You just never know what the next big risk category is going to be in workers' compensation.
I had been persuaded by an argument offered by Charlie Kingdollar, Vice President emerging issues unit for General Re Corp., that nanomaterials would be the next asbestos.
OSHA has been particularly concerned with silica in the past couple of years.
The more recent concern trends have been obesity (in particular now that the American Medical Association suggests that it is a disease), opioids, and a little bit earlier it seems the claims trends were carpal tunnel syndrome and fibromyalgia.
Hearing loss seems to crop up from time to time, though not as an ongoing trend since that process is easily remedied through safe practices.
But it's more often than not something much less spectacular that really drives frequency and severity in simultaneous fashion, and a 2012 study published in the Annals of Occupational Hygiene may have identified "the next big thing:"
Prostate cancer in truck drivers.
There seem to be two competing theories: 1) long-term exposure to the kind of “whole-body vibration” experienced by truck drivers and other heavy equipment operators prompts the body to produce more testosterone, which is a known risk factor for prostate cancer; 2) the vibration can lead to prostatitis, or inflammation of the prostate gland, which may also be linked to prostate cancer.
The researchers found that those who drove a truck more than doing anything else were nearly four times more likely than educators to be diagnosed with a prostate cancer considered highly aggressive. (Educators were used as the baseline group because they were deemed to have very little to no exposure to whole-body vibration.)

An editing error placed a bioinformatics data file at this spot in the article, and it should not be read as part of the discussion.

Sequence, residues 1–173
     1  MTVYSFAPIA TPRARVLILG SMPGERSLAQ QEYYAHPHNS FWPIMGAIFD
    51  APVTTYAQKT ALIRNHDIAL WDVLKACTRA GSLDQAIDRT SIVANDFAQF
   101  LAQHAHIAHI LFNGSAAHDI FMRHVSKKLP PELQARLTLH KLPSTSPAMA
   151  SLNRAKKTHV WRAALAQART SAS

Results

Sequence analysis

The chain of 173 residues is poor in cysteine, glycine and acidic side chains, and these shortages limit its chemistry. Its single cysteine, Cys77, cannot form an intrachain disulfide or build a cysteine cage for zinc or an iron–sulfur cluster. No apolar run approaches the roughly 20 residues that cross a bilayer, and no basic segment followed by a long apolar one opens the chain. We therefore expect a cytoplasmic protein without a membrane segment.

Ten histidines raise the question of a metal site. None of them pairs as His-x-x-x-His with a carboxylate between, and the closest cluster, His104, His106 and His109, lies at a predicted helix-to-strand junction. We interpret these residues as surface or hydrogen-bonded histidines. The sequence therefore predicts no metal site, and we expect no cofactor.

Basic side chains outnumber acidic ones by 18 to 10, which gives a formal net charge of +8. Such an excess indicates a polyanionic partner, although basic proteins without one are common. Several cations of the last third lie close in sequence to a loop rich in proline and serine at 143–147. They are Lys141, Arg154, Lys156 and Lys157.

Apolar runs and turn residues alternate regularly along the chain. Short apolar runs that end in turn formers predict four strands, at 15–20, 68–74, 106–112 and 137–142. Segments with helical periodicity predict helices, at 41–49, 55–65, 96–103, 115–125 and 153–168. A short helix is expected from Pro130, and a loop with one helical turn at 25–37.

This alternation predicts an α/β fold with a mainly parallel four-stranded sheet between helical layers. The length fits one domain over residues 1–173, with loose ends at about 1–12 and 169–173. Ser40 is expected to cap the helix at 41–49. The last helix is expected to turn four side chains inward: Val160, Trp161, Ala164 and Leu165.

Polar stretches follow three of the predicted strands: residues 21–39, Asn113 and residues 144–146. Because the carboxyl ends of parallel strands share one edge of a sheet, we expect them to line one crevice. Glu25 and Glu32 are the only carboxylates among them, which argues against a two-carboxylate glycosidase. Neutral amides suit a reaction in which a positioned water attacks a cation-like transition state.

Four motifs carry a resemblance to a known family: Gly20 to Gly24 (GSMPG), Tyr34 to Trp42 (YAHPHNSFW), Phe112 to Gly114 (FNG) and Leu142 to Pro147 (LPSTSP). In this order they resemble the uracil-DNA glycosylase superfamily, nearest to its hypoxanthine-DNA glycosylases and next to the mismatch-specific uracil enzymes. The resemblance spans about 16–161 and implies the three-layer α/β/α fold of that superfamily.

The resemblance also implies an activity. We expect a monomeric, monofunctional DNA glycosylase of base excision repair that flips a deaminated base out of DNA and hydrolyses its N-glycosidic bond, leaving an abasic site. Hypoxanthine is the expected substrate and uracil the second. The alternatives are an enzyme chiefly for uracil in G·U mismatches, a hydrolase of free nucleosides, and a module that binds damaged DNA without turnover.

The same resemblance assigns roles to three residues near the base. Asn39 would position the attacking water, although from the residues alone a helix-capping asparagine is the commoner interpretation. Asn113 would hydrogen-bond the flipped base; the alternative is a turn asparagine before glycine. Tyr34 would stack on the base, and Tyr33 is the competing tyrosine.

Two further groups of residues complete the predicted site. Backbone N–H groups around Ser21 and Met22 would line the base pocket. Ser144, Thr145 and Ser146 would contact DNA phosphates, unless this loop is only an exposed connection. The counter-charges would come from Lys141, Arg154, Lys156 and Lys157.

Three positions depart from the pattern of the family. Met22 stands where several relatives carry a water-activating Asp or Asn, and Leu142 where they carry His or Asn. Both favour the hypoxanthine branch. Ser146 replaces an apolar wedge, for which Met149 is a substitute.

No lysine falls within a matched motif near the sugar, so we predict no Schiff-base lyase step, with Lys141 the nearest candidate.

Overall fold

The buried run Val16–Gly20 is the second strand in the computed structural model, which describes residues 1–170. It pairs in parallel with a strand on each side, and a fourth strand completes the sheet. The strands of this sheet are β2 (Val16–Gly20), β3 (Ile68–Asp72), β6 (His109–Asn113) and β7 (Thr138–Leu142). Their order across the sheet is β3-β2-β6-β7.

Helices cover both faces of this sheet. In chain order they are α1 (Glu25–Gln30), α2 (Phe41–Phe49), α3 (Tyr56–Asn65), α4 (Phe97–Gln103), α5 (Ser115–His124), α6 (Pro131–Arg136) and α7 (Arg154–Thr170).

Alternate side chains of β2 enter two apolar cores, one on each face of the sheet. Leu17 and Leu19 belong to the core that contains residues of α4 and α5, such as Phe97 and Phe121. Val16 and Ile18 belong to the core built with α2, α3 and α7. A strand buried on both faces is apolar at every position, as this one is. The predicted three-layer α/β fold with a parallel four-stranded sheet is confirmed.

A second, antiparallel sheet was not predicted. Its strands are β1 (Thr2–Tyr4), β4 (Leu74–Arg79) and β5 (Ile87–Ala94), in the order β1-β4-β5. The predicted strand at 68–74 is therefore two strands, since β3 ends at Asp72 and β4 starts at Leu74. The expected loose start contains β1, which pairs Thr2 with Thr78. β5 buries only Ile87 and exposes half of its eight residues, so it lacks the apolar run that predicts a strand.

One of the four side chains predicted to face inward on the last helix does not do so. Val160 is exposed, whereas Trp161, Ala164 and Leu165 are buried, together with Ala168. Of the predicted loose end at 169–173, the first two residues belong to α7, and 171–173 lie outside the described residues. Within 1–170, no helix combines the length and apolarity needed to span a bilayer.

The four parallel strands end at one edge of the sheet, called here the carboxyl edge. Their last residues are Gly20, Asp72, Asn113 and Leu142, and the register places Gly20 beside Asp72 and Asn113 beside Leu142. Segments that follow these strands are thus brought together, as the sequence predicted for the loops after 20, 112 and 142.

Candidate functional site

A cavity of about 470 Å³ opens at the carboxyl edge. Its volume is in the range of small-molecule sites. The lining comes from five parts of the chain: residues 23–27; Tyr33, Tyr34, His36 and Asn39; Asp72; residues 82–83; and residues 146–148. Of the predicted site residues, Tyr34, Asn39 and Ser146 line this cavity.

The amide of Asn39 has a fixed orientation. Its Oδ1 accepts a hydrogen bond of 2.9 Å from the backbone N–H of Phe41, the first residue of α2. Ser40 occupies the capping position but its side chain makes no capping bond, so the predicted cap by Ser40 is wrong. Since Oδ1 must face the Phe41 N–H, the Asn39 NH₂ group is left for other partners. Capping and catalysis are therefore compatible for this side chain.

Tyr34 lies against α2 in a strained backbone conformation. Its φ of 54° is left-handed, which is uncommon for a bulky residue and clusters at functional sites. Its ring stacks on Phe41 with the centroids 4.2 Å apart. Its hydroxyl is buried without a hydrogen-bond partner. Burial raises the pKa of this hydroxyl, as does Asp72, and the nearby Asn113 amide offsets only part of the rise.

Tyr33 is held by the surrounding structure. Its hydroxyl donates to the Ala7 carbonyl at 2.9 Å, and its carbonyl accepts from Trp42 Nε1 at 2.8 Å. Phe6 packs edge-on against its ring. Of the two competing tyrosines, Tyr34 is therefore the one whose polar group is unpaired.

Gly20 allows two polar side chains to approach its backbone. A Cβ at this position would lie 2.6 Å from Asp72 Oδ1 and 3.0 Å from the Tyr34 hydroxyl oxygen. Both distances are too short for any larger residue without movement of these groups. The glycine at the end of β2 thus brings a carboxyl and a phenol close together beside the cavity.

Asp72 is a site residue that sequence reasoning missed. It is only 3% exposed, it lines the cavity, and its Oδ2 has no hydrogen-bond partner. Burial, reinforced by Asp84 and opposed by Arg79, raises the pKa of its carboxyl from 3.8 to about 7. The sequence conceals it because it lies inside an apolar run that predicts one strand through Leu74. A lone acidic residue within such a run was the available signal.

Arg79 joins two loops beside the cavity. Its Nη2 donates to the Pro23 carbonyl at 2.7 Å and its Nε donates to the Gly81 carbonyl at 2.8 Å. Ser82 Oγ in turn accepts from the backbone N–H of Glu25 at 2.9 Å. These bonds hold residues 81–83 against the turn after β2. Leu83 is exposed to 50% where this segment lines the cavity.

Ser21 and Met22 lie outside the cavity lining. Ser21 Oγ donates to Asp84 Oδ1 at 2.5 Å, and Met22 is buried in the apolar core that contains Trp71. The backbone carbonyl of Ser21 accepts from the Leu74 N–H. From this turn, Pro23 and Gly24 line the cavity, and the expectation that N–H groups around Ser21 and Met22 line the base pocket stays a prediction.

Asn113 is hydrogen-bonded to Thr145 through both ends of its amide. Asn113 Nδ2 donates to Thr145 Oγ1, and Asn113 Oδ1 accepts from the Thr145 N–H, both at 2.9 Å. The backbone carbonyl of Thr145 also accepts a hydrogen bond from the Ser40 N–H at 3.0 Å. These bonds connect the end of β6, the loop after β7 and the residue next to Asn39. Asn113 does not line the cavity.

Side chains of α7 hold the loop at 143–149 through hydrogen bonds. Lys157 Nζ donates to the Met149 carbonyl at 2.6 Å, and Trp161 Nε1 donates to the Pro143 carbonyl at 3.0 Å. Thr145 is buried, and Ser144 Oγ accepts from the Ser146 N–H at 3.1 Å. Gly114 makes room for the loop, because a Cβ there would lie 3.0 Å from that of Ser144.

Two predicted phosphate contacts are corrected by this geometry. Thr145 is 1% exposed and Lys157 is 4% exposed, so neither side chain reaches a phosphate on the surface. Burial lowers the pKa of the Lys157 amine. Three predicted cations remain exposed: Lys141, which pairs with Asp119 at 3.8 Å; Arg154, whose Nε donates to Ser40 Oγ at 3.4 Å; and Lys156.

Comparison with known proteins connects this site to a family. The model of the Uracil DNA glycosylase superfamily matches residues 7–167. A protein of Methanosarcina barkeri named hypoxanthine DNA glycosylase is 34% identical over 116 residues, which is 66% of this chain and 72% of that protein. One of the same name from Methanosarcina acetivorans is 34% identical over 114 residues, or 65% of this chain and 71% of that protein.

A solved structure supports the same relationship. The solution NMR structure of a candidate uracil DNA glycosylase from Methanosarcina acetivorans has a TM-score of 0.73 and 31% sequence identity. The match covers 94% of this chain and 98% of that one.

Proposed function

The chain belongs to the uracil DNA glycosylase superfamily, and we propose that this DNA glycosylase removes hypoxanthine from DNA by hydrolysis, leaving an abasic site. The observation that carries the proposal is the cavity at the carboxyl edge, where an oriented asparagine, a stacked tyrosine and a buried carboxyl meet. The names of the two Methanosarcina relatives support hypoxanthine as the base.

Obviously truck driving isn't the only occupation that can induce "whole-body vibration" but it had the strongest link according to the study.
So does this mean that we can expect to start seeing profuse amounts of claims for prostate cancer coming in to workers' compensation? Perhaps.
The science of the study will be challenged. The application of the science to the individual claimant still needs the support of a reporting physician who has reviewed such studies and has some oncological expertise. And many states don't recognize occupational disease theories.
Still, sometimes the most innocuous sounding research leads to some significant shifts in the distribution medical care and indemnity.
Pennsylvania is already dealing with an epidemic of prostate cancer among its firefighters.
The National Institute for Occupational Safety and Health has adopted a final rule that adds prostate cancer to the list of more than 50 cancers that are compensable under the James Zadroga 911 Health and Compensation Act of 2010.
Carnac The Magnificent I am not, but I would not be surprised to see more prostate cancer cases going through the work comp system in the next five years or so, first from truckers, then other occupations that can prove up WBV.
Whether this turns into a trend remains to be seen. Cancer is one of our most prolific diseases and the cost of treatment and attendant social costs are enormous, so it would make sense that there is going to be some shift in ultimate financial responsibility.